Drink Up

The PR culture of drinking is one that runs deep in a very strange, ill-talked-about manner. Every party seems to have some sort of open bar. Everyone wants to 'go out for ...

The PR culture of drinking is one that runs deep in a very strange, ill-talked-about manner. Every party seems to have some sort of open bar. Everyone wants to 'go out for drinks.' Some agencies have beer kegs. Some agencies keep bottles of scotch, vodka and the like on-hand. Some people drink at their desks. Some go out as groups, and they drink. Beers all round. Drink hard. Drink deep. Feel the group love. Feel wanted. Feel taken in. Instagram your cocktail. Celebrate vague inebriation - even working while inebriated. Be proud of that time that 'you all got blasted.' 

For the new PR initiate, this is a really exciting time. You're important enough to get free drinks. You're a VIP of sorts. And alcohol is a really, really cheap status symbol - especially when it's not paid for - to make you feel as if you've 'made it.' I mean, come on, nobody unimportant gets free things, right? 

Right.

It's scary, though. You'll go to a few parties and not pay for drinks. And because they're free, you'll let loose. And that same letting loose leads to the same painful hangover you might not have had since college. Or worse still, you may be continuing said habits from college - the drink's free, so drink up. That hangover hurts. But maybe not so bad. Maybe not bad enough to teach you a lesson. Maybe not bad enough to get you in trouble, but bad enough that you'll hurt in places and swear you won't drink again.

But you will. It's free, after all. 

A lot of people will be on your case to drink. It's alright. You can still drink. You should drink! If you like to drink that is. If not, you shouldn't. If you feel sick, stop drinking. If you feel like not drinking, stop drinking. If anyone pushes you to drink, say no. Yes, I realise this all sounds a bit like high school or college, and that's because it is. The difference is that these are people that you will work with when you're sober and can judge whether you get money each month. Just don't bother doing it if you don't feel like it. There's no glory to being drunk to the outside world. Nobody reads your status update from the side of the pool with a cocktail and thinks "heh what a great guy," they most likely think "wow, what a dick."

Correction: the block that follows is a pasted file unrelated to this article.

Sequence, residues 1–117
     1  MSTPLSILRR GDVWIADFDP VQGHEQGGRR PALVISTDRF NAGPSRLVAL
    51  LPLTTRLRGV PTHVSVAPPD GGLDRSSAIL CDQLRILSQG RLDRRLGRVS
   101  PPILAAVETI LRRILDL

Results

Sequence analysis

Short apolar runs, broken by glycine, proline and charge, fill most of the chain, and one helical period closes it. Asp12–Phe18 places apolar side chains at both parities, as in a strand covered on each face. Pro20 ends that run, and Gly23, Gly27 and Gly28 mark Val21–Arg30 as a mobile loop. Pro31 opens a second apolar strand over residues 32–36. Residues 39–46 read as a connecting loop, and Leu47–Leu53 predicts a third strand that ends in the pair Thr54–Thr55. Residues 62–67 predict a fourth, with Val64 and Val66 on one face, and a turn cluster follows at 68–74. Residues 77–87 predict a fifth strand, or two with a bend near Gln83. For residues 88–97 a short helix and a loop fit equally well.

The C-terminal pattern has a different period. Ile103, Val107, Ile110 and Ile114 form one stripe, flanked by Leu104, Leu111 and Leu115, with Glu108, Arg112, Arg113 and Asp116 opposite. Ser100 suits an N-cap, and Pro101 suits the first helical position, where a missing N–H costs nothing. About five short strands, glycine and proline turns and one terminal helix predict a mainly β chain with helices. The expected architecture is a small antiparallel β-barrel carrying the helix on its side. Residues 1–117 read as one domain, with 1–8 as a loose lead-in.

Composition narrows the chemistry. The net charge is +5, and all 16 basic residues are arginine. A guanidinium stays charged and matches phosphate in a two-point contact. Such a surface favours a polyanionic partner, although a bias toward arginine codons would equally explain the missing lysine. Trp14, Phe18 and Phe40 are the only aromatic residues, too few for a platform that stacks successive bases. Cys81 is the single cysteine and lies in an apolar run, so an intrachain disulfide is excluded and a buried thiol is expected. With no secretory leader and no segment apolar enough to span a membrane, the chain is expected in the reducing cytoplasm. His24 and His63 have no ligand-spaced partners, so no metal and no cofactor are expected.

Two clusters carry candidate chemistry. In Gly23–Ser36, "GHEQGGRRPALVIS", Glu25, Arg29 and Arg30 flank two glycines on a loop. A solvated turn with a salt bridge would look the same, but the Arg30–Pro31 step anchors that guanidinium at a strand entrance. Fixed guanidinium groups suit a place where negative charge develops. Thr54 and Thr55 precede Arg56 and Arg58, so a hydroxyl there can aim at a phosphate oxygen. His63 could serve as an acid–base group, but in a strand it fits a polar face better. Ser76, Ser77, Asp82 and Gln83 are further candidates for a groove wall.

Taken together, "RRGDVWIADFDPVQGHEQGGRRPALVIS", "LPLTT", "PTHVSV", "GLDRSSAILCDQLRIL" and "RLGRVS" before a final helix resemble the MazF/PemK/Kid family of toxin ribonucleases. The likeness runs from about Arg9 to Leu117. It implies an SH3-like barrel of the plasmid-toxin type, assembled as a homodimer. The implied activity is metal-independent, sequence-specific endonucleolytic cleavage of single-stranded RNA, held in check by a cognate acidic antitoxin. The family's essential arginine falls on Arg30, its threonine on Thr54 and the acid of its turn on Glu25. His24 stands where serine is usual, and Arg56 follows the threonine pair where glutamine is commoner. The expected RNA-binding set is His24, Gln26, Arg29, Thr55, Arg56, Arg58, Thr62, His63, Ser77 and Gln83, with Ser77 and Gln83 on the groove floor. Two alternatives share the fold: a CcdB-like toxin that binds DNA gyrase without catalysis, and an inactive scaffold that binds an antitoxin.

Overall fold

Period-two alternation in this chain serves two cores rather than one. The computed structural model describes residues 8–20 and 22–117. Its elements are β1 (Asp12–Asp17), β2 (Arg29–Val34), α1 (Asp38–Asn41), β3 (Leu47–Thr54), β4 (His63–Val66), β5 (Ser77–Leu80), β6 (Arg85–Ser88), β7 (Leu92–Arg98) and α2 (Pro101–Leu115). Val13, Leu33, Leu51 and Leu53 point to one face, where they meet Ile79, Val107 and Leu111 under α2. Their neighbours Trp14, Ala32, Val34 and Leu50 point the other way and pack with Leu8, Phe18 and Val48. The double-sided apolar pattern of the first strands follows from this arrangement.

If someone's pressuring you, go home and get some rest. It's scary that there're people who may tut at you and say that you're "being a pussy" for not staying out late and drinking heavily. But in the general scheme of things you will not get ostracized if you don't get drunk. Or even if you don't drink. I've worked with people who liked to drink, and at first I was scared that if I didn't get really, really drunk I'd be left out somehow. I have come to realise there's no reward for it, and for the most part the pressure to drink is internal - the idea that the group will leave you out if you're not up for it. Nothing happens if you're not a drinker. Nobody stops working with you.

And sure some people might not invite you out to the bars, but who cares.